Bob Clayton understands why so many people are curious about the house he built not too far from the famous Sponge Docks of Tarpon Springs.
It's one of just a few in the entire nation constructed with so-called hempcrete.
"The materials are renewable. They are sustainable and recyclable," Clayton said.
Because hemp has to be brought in from countries where it's legal to produce, hempcrete isn't exactly cost efficient.
Clayton admits the $350,000 price tag is way more than the worth of the house he describes as a prototype.
"Well I wanted to do it because it's environmentally good and because it just fascinated me," he said.
The house is filled with hemp rugs, pillows and even clothes.
Ingrid Setzer with the Hemp Industries Association said it shows what can be done if lawmakers recognize the potential.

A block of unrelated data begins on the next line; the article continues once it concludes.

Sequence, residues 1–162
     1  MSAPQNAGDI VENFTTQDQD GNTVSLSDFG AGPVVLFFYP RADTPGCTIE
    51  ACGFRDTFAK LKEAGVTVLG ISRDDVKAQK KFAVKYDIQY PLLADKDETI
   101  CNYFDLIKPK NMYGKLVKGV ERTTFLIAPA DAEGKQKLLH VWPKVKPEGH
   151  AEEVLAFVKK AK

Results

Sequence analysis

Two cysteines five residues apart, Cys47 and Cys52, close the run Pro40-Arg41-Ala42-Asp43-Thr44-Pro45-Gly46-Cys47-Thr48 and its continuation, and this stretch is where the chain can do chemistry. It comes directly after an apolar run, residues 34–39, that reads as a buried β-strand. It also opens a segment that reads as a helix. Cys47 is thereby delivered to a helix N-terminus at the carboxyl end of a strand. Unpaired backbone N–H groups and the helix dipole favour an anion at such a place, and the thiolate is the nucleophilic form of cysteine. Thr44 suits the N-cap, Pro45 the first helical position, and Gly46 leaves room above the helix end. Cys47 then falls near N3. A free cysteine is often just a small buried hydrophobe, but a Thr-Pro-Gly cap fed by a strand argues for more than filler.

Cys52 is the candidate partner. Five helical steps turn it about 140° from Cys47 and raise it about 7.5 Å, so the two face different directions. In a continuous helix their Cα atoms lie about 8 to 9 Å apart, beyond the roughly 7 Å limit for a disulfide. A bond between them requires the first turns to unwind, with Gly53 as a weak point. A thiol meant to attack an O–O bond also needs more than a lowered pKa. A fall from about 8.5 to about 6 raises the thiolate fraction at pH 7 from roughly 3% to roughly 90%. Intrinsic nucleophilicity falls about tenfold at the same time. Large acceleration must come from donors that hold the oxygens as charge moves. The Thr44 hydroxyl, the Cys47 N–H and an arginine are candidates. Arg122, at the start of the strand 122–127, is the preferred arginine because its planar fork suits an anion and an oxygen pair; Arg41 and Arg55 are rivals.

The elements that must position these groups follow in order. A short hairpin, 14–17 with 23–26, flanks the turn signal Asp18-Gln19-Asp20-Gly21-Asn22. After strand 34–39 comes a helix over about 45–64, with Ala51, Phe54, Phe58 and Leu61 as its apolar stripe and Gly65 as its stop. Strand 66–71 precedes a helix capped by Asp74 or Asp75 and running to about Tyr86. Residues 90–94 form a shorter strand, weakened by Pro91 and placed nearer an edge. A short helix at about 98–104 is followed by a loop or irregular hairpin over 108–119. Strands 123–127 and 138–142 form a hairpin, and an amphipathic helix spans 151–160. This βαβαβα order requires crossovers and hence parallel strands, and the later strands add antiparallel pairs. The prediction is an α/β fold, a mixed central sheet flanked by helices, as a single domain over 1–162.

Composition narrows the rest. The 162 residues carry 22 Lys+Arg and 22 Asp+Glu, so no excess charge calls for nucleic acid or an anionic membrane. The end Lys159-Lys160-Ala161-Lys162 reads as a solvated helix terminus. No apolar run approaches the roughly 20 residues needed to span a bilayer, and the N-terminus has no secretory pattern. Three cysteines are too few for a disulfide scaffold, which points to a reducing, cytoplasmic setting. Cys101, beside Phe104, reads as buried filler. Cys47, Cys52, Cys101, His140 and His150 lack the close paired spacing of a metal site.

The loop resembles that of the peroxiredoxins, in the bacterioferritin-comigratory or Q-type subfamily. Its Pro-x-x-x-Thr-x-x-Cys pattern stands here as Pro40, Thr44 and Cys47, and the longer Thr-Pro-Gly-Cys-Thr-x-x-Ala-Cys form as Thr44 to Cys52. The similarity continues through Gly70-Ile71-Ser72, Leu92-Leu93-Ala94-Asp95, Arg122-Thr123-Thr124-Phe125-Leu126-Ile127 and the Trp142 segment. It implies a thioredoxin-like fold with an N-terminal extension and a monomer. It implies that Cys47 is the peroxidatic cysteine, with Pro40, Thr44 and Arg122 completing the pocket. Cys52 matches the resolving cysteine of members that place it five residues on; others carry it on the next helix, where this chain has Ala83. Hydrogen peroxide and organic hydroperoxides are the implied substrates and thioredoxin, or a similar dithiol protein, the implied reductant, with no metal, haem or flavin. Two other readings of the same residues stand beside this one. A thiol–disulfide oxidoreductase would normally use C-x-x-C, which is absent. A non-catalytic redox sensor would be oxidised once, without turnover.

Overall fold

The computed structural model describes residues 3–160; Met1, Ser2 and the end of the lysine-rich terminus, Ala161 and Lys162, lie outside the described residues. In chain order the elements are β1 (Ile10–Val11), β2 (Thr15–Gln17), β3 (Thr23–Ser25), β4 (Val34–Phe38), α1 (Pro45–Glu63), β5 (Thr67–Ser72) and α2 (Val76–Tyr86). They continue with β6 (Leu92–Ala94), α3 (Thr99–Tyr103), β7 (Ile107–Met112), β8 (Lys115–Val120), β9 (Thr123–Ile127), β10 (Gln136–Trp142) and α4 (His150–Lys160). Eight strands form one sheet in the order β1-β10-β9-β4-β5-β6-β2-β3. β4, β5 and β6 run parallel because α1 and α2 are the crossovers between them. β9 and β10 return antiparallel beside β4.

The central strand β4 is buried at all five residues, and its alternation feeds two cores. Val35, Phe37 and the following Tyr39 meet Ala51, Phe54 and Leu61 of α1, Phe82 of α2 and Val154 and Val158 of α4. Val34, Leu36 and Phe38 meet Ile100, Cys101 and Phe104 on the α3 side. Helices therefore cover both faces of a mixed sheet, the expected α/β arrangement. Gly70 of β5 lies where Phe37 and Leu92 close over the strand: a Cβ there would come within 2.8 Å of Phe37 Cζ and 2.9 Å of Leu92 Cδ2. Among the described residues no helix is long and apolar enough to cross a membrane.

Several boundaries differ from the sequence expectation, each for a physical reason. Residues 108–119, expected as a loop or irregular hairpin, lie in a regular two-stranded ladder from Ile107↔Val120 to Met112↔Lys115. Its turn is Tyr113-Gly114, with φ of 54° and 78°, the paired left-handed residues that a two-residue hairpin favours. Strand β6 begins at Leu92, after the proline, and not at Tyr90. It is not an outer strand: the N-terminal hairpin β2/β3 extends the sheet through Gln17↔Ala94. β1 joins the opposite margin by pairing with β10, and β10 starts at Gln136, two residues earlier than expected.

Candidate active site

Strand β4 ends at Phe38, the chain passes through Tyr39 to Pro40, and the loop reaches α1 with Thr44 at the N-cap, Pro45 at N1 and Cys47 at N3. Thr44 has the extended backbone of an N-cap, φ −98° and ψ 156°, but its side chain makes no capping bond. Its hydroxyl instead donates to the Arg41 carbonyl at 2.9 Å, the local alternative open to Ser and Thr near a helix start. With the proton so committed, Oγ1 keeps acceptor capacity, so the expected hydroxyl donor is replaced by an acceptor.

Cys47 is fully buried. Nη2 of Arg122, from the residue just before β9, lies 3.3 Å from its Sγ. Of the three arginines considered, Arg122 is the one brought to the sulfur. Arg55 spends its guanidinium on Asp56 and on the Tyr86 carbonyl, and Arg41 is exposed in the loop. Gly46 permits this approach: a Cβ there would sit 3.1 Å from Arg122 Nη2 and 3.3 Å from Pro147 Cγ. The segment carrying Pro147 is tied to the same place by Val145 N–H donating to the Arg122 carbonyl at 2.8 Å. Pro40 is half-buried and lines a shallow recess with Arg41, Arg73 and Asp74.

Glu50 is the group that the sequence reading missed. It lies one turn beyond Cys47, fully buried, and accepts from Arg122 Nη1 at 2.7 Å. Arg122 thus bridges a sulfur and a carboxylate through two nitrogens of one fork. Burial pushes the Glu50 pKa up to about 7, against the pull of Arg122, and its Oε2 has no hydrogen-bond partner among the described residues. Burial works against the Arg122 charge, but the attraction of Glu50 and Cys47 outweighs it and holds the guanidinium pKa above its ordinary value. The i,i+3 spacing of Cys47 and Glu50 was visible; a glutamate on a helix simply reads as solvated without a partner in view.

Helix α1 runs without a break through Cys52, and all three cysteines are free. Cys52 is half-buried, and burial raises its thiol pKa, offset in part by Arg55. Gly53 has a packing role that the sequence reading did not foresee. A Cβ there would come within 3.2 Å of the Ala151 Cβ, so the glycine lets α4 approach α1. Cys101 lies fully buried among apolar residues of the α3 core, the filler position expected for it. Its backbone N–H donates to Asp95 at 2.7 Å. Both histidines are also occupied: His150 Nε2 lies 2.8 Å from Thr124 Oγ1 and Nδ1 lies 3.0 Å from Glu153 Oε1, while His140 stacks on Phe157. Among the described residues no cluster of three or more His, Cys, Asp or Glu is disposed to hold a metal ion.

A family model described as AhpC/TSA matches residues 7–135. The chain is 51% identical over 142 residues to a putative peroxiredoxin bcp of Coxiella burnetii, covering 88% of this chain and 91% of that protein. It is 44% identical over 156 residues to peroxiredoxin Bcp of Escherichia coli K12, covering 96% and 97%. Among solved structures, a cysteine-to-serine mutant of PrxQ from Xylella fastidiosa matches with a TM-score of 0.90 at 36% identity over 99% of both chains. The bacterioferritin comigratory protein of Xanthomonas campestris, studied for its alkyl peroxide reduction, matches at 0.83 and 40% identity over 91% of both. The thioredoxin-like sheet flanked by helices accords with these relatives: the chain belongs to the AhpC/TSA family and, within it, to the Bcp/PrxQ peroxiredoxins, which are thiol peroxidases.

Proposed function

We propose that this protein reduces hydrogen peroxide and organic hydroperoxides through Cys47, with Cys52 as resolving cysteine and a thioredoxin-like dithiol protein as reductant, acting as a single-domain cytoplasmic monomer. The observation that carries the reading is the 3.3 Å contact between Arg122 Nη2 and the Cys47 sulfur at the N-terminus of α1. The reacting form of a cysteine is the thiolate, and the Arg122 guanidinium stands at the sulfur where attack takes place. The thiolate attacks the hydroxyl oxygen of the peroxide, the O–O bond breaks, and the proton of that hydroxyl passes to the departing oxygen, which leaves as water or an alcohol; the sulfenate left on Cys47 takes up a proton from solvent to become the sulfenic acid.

"I feel that there's support building for it, because if we can grow medical marijuana, why couldn't' we grow industrial hemp?" she said.
While pro-hemp, Clayton said he's staying out of the fight to legalize marijuana.
"I'm really not interested in marijuana one tiny bit," he said.
Clayton said you can't get high from his house. While hemp does come from the cannabis plant, it's produced from the stalks and seeds, with a THC content of 1/60 the legal limit.